Publisher IMAGE, JANUARY 2011 $3.50
Writer NICK SPENCER
Penciller CHRISTIAN WARD
Infinite Vacation #1 is an odd offering from rising star Nick Spencer. The premise itself is unusual, though not overly so. In this story, parallel universes are commonplace. One can travel between an infinite number of alternate realities simply through the usage of a free downloadable smart phone app. An economy has arisen from this. One buys and sells alternate lives from and to oneself. For instance, if in one parallel universe you are a successful stock trader, at the click of a button and for a fee you can buy your way into that reality until you wish to buy or trade yet another life. The concept is complex but writer Nick Spencer presents it in such a way as to make it very accessible and compelling.
This particular issue deals with Mark feeling blasé with reality trading, his depression and lack of purpose. He handles these concerns by visiting multiple realities hoping to find answers from different versions of himself. He consults a Mark who is a disinterested psychotherapist, a surfer dude and some sort of “en masse” counseling center specifically servicing the many variations of his person. The latter being the infinite vacation’s customer service desk.
(MILD SPOILER AHEAD) In one of the more noteworthy scenes Mark attempts and fails to pick up a cute “deadender” chick – deadenders are the 3% of the world population who do not swap lives for various reasons. The girl aggressively confronts Mark about his reliance on escapism. This is where the themes become more apparent. Over-accessibility, contentment, escape – these things deeply affect how people interact with one another and how we live our lives.
By the story’s end Mark encounters a version of himself who is not friendly but may hold answers as to why he has been dying in multiple realities with inordinate frequency. This event thrusts us forward into the plot. The fact that the book ends with this game-changing scene makes it virtually impossible to know in which direction it’s going. So essentially we were introduced to some interesting concepts but this one issue did not delve as deep into those as I might have expected. I think this story needed two full issues to open the story, simply because the subject matter is so hefty. I am however sufficiently intrigued by the setting and it’s potential. I’m certainly going to pick up Infinite Vacation #2.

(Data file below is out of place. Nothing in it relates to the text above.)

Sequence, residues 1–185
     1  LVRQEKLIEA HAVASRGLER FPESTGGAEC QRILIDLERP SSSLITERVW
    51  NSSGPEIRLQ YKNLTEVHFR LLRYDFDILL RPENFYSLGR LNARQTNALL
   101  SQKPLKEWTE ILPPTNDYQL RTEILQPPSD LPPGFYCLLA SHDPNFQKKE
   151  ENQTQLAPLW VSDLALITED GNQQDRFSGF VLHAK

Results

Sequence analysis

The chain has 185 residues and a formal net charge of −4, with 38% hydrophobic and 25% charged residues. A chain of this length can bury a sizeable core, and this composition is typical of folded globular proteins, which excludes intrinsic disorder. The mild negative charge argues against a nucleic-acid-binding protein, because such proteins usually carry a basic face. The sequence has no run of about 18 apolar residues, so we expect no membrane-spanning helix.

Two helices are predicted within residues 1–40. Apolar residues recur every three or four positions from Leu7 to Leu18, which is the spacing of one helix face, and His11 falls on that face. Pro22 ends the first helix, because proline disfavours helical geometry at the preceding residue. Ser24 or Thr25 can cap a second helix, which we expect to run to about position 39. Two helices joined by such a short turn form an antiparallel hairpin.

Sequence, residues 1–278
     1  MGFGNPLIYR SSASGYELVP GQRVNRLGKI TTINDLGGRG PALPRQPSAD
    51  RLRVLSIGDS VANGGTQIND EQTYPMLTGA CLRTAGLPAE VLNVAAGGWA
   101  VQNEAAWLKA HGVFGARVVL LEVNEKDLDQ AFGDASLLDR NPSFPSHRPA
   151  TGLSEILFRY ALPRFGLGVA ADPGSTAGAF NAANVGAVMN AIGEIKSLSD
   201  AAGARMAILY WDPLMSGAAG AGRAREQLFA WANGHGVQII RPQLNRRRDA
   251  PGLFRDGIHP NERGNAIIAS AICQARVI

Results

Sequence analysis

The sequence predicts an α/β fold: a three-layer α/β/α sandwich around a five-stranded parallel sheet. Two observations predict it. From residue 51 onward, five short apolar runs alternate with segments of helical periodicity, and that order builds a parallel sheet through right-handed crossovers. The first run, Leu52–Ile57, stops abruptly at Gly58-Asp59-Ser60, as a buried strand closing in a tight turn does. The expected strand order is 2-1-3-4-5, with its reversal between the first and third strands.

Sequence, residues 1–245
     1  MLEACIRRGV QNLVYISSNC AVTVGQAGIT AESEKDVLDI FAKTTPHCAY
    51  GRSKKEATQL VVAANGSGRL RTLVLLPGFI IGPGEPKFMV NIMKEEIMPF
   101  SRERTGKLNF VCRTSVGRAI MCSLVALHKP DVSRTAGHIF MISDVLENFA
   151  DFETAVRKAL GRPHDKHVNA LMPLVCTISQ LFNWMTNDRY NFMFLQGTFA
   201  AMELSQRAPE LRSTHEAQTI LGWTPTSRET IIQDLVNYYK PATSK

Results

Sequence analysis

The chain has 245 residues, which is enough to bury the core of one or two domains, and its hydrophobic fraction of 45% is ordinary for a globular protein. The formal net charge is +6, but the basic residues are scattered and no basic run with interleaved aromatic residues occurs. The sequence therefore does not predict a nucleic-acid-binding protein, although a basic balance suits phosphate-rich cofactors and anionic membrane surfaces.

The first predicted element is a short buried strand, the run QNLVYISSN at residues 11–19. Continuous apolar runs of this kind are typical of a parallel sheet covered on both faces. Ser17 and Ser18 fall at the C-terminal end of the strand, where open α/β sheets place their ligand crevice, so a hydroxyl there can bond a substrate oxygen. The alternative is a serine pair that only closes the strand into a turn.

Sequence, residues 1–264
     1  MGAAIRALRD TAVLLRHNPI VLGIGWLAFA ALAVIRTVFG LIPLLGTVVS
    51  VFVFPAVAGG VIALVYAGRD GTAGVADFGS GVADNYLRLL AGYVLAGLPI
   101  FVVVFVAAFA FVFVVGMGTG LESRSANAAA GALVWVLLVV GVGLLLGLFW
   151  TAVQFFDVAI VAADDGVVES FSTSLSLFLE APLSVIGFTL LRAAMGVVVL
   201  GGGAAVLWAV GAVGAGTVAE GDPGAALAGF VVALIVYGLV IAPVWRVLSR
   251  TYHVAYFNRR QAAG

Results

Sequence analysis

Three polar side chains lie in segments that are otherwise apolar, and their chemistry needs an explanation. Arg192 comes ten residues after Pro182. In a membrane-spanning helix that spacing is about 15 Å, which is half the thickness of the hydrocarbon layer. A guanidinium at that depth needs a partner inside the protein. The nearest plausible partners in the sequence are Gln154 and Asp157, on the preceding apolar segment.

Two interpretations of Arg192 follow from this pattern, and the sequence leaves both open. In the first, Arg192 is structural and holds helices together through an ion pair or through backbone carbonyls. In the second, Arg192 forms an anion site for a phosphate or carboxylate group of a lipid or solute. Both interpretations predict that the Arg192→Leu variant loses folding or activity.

The art is reminiscent of late 60’s to early seventies poster art, but more contemporary in execution. Christian Powell uses a combination of digital collage, innovative coloring style to create a vaguely hallucinogenic feel to the book. That’s not to say that the visuals are always full on trippy. When scenes require a more sedate approach the art adjusts to match the tone. In fact one of the scenes is an actual ad for the reality hopping smart phone app. That scene is completely constructed from photographs, as if it were a legitimate promotion contained within the book. There are a few interesting lettering techniques I enjoyed. When there is an outburst in a café, the bystanders have exclamation points over their head. It’s an effective and clever storytelling device. Ultimately, I’d say the art slightly outshines the script in most places.
Honestly, my review probably makes this comic book seem more opaque than it really is. So if you’re looking to try something distinct I suggest picking up Infinite Vacation #1 to see if it’s for you. It probably is.
Writing 7/10 – Art 8/10